In the light of the latest eruption of violence and tragic human loss at Al Aqsa Mosque in Jerusalem, and other Palestinian territories, a simple but vital question poses itself. What is Middle East peace in the minds of Israelis and Americans? Can a just and lasting peace really be achieved, or is it only wishful thinking and another political game carefully masterminded and played to serve solely the interests of ambitious expansionism under the umbrella of peace and security? I guess even the most experienced of diplomats and politicians would be perplexed in their search for a reasonably satisfactory answer.
While the peace process is continuously on and off track, the race for more Jewish settlements has never been more aggressive, Arab land is systematically expropriated, homes are demolished, expulsions of peoples is conducted on a daily basis, holy shrines are arrogantly desecrated before the very eyes of the international community and all this most conveniently is taking place under the slogan of peace and stability.
On the other hand, no decent human being on earth should ever doubt, that for the families of all Palestinian martyrs and victims of Israeli atrocities, peace is nothing but a fake signature to be recorded in history. Peace is nothing but a daily reminder of the pain, suffering and humiliation they've been exposed to for decades under the rule of occupation. Hopes for peace have been shattered, because people like Ariel Sharon and his followers nurture nothing but irrevocable hatred for Palestinians and Arab Islamic values. Sharon's latest provocation is nothing but a repetition and a painful reminder of the massacre at the Ibrahimi Mosque in Hebron, still stained with the blood of civilians, innocent of wrongdoing. Today, hopes for peace are actually dead, because a defenseless child, seeking shelter from Israeli bullets is brutally shot in cold blood by the light trigger fingers of Israeli soldiers.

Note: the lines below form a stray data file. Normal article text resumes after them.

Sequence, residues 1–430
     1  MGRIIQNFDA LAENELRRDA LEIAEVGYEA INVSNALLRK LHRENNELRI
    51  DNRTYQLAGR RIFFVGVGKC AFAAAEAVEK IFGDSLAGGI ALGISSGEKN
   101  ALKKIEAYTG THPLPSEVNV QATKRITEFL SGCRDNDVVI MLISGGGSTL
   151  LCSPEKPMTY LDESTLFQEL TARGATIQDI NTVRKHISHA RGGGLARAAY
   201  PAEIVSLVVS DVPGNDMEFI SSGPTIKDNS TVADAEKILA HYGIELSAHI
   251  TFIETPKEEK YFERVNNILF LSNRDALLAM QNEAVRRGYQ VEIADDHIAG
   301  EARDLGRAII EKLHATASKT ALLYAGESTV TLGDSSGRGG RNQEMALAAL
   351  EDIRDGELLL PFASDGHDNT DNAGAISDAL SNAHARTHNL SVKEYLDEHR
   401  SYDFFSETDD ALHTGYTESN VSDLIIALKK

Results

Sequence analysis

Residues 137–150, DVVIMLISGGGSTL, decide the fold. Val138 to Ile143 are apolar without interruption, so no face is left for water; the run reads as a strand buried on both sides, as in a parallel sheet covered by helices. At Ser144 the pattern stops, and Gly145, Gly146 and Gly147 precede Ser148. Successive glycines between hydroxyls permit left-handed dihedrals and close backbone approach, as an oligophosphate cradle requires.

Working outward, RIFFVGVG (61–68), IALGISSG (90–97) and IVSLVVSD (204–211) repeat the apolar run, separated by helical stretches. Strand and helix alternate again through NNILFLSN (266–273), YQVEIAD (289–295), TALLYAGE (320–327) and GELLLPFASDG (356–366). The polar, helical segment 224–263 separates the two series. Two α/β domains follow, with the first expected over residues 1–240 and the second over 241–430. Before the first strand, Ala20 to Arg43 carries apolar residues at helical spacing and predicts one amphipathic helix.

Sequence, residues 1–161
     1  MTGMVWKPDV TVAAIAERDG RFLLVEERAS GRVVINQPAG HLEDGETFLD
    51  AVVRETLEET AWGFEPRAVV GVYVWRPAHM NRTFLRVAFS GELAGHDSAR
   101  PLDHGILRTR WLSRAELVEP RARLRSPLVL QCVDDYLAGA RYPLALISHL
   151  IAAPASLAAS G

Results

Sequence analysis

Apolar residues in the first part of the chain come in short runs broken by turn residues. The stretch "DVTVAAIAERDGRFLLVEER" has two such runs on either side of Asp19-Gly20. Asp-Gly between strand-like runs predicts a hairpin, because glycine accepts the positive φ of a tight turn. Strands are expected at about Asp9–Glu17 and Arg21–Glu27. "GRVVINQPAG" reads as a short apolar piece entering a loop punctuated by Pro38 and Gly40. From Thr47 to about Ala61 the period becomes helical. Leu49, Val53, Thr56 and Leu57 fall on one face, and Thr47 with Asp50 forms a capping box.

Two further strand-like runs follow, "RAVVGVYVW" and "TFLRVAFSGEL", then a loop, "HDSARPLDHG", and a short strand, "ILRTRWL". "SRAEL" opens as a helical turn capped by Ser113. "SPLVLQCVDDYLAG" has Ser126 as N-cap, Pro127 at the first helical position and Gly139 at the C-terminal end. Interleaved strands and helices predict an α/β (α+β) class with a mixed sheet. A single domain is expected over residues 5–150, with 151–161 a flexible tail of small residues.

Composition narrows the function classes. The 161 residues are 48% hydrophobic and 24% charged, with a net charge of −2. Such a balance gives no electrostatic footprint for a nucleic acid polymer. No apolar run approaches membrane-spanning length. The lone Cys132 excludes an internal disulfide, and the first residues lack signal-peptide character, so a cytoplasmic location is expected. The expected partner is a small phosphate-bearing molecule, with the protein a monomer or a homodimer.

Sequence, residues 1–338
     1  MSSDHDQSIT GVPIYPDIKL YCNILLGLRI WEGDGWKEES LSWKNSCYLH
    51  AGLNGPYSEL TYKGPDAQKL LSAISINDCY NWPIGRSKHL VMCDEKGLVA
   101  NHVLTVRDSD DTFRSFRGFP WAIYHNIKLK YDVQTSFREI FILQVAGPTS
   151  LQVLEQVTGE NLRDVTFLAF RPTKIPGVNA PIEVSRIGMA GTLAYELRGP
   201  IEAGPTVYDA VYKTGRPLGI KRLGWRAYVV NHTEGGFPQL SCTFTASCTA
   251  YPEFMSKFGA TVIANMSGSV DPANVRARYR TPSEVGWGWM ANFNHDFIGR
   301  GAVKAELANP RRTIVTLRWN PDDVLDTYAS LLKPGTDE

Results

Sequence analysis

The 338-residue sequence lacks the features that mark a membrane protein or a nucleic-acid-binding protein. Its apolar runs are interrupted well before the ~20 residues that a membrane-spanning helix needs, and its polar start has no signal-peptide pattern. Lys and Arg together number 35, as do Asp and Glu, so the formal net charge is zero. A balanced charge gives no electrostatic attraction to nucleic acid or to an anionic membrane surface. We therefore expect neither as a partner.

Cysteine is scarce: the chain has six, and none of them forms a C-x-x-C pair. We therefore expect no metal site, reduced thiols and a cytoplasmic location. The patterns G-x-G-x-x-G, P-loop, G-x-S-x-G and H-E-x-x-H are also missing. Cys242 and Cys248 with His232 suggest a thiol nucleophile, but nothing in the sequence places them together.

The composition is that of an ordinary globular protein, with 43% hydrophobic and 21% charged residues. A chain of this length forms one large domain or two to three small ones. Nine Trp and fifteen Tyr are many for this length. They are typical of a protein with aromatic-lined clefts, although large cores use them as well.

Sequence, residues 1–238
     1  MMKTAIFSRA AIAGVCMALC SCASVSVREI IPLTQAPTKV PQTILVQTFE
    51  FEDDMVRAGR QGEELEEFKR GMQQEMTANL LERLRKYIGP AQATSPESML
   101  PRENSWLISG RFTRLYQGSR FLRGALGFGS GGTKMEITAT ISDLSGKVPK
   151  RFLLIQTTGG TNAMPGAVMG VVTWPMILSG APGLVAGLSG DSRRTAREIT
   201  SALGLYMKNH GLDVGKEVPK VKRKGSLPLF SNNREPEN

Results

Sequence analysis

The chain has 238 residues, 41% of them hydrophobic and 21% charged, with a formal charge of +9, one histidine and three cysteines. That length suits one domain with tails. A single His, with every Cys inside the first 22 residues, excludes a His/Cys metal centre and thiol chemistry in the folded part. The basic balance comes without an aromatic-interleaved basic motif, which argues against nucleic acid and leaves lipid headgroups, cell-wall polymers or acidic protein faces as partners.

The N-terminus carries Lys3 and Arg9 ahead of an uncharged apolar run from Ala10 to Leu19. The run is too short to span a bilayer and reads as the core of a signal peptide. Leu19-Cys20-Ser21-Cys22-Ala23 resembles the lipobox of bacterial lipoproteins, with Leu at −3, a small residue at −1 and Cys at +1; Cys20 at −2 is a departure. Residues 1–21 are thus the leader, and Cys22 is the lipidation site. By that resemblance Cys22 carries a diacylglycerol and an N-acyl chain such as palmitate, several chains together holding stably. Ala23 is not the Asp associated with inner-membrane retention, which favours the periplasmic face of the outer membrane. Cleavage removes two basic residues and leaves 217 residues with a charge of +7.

Ironically, such brutality and cruelty were captured in a snapshot for the world and human rights activists to see and pass an honest judgement. I wonder what they'll have to say, and what Israel's cynical excuse will be this time. Should the PNA expect an official apology, as Minister Abed Rabo stated before a group of journalists — he should really know better than that.
Terms such as apology and forgiveness are simply absent from the Israeli lexicon. Israel knows only how to demand forgiveness for injustices committed against its people more than 50 years ago and perpetrate historical injustice on another people who have absolutely no connection with their calamity.
Anyhow, let us remind ourselves, that being able to forgive is a rare quality
befitting only the strong and honorable. Israel, most definitely does not qualify for this category, and peace on its terms is to be achieved at the cost of innocence. Is this acceptable to the international community?
Rumiana M. Nuseibeh